Wednesday, 10 August 2011

My new creative journal

Quick watercolour and ink sketch created on impulse whilst sitting in the garden yesterday evening.  DOUBLE-CLICK ON ANY OF THE PICS IN THIS POST TO ENLARGE THEM TO A READABLE SIZE.

In an attempt to be more organised, I have begun a new creative journal. Not only will it have the occasional page filled with sketches, in essence it will be a repository for notes on what I am currently working on. These are usually scattered around the house on bits of paper or written down as an idea strikes in whatever notebook is to hand. And then I forget where the notes are which is most frustrating. So as from now, they should all be together. I've explained to myself the purpose of the book - and share the pages below, in the hope it might encourage someone else to do likewise. It will really be a record of my creative journey.

Double-click on the image so you can read it

Instead of scanning the pages, I have photographed them - it would have been better had I laid the book on the floor and attached the camera to my tripod, and then each page would be squared up. These were all hand-held; it doesn't pay to cut corners!

My second introductory page as to what the book is all about

I got carried away on this first session (sitting in the garden on Sunday evening, warm and quiet) and went on to my current long-term project, 'Quilt Journey'. These are a series of 12"x12" textile pages, actually pairs of mini-quilts where the surface comprises paper and fabric, hand- and machine-stitching, photographed collages and word-whispers.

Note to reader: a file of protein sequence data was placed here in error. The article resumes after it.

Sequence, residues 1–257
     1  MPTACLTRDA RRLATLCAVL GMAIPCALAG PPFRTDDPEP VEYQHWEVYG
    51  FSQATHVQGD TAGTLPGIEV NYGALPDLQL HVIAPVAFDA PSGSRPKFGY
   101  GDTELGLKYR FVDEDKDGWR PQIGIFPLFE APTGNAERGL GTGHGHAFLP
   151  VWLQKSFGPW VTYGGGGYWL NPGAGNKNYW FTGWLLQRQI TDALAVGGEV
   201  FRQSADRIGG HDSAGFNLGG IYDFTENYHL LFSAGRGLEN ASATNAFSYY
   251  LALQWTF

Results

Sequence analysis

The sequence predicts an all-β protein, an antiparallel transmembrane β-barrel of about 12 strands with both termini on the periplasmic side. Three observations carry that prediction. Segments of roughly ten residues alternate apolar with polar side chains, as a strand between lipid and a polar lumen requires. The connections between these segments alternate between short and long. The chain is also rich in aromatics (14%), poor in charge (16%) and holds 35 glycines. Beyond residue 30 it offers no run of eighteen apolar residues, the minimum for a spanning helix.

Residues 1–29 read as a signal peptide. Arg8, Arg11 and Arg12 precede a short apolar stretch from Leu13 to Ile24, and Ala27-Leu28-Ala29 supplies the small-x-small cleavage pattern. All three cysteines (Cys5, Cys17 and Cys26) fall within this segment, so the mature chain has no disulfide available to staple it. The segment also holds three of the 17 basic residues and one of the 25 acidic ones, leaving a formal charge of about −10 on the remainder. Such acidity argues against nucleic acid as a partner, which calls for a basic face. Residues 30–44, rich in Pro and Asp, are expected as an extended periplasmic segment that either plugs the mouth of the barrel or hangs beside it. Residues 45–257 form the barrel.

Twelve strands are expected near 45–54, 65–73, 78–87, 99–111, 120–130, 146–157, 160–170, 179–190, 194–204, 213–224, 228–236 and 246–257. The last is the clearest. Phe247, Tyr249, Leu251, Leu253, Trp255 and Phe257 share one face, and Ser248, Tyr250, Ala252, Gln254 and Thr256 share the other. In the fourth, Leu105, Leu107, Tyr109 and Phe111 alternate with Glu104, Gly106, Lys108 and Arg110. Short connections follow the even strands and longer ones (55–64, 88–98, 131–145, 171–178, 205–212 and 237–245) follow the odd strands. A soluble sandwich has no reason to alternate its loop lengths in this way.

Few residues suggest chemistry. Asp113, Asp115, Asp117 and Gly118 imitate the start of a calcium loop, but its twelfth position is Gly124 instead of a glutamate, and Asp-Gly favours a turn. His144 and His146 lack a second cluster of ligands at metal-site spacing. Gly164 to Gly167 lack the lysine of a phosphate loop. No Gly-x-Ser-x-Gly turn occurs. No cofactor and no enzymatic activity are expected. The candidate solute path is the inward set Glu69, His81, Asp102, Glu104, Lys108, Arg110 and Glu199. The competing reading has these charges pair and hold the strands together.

This explains the beginning of my 'Quilt Journey' project but went off 
at a tangent, talking about my 'Map Trails'

To get to the point, I have already posted 'pages in progress' - see the workshop I attended on 'Ancestors' and the pages I started there, which I wrote about on 28th July.

Perhaps by now you are totally confused! For I was writing this 
for myself and not as an instructional piece.

Progress is such that all my 'Ancestor' components have been handstitched and are ready for mounting on the background. Notes on how I will do that are in my 'daybook' - the one I take with me when I am out for the day; that one has tear-out pages so I can paste the section into here.